Cecil Sherman, the first coordinator of the Cooperative Baptist Fellowship, said, “The son comes up at different times for different people.” He was commenting on that fact that not everyone perceived the changes in Baptist life in the south at the same time and was leaving the door open for other Baptists to join the Fellowship movement.
I have been reminded of this recently as friends who have continued to support traditional Baptist structures in our state have found themselves cast aside because they do not agree with the predominant agenda being pursued by those entities. Twenty years after many Baptists, including myself, turned their backs on the old way of doing things, they are ready to move on. The sun has come up for them. I applaud their decision and identify with the grieving process they are going through.
At least one acquaintance has suggested to me that this is a good time for Fellowship Baptists to take advantage of this disillusionment and seek to enlist these folks for the moderate cause. Now, I realize that part of Cecil Sherman’s agenda when he became coordinator was to try to help many “big steeple” pastors to see that their churches really were moderate and convince them to join the CBF movement. Basically, he was asking them to change teams. Times have changed, however, and I doubt the effectiveness of that strategy today.
Why? Because there are a number of “teams”—potential partners—with which Baptist churches may affiliate and it is very possible to be part of more than one team at a time. In addition to the Southern Baptist Convention, the Cooperative Baptist Fellowship, and the Alliance of Baptists, there are some states with two or three Baptist organizations, church networks (like the Willow Creek Association), free-standing Baptist entities (colleges and universities as well as groups like ethicsdaily.com, Plantersville, and Baptist Women in Ministry) and ministry specific organizations (Habitat for Humanity, Wycliffe Bible Translators, Samaritan’s Purse, and others) with which churches can work.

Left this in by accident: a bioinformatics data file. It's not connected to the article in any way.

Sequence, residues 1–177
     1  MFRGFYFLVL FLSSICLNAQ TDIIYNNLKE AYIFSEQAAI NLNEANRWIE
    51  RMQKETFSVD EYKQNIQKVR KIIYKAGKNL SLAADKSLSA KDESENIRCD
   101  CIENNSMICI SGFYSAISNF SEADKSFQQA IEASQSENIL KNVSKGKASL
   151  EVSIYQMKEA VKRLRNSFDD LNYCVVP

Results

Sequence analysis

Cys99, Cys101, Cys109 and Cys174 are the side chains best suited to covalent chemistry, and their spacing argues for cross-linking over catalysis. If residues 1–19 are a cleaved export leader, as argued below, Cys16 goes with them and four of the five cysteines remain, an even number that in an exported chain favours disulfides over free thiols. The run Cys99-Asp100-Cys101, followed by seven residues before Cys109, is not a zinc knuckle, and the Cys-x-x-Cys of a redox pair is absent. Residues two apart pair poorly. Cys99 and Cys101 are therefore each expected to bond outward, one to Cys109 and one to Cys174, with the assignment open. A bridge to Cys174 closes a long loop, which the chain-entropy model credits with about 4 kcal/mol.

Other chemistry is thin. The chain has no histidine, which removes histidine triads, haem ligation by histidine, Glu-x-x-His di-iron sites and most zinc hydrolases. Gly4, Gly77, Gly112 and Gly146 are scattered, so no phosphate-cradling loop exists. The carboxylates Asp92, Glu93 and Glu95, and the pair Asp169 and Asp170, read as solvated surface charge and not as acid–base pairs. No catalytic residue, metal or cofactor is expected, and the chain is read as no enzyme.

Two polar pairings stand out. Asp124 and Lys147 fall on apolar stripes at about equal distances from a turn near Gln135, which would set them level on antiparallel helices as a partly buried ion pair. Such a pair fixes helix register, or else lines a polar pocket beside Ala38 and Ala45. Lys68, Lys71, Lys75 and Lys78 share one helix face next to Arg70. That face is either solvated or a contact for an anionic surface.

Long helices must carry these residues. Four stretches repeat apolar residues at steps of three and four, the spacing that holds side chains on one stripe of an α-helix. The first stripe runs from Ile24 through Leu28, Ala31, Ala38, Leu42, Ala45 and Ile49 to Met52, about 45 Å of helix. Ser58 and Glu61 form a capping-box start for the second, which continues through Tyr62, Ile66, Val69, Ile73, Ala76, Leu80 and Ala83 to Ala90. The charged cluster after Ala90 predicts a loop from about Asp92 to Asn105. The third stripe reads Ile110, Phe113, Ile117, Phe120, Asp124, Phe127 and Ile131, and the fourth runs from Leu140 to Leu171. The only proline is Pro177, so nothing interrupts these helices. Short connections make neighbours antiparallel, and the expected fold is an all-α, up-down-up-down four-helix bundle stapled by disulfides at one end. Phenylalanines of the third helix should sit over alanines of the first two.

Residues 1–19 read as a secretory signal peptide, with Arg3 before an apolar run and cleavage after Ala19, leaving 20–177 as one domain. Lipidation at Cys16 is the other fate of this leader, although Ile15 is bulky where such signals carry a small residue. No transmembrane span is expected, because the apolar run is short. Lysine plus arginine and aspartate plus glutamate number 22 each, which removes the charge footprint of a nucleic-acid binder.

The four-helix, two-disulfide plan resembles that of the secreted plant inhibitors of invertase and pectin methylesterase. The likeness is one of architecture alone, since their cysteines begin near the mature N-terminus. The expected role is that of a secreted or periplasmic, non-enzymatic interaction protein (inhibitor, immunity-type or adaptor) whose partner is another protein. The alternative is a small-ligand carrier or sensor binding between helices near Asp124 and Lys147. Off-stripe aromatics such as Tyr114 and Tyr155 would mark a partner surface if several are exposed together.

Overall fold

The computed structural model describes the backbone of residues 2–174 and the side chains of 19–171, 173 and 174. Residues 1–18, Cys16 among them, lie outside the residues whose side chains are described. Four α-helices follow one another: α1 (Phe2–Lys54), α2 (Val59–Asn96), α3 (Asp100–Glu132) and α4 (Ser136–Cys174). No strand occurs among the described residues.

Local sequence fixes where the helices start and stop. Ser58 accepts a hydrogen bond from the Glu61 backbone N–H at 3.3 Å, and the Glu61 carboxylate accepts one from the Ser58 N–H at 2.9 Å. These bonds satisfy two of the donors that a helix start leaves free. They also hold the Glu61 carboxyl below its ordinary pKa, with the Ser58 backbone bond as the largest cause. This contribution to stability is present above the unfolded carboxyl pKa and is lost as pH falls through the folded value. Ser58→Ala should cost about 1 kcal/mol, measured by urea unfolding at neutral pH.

The greatest danger in such affiliations is that a church will chose to become partners with a ministry because of the work they are doing without considering the group’s doctrinal and ethical commitments. One particular non-Baptist organization with a strong seasonal ministry among many Baptist churches is very conservative and openly antagonistic toward other world religions, but they faithfully and aggressively collect information from a number of moderate Baptists for their extensive data base. Churches that often question the doctrinal stance of Fellowship and Alliance Baptists give groups like one free access to their congregations without question.
Some moderate Baptists still cling to the hope of that a congregation will declare its unwavering allegiance to their particular group but such a commitment is unlikely. There are too many options and churches have been “burned” too often. Baptist churches, practicing a congregational polity, are free to choose not only local partners but national and international partners as well. With this freedom comes a great deal of responsibility. Whether congregations and their leaders realize this responsibility is the unanswered question.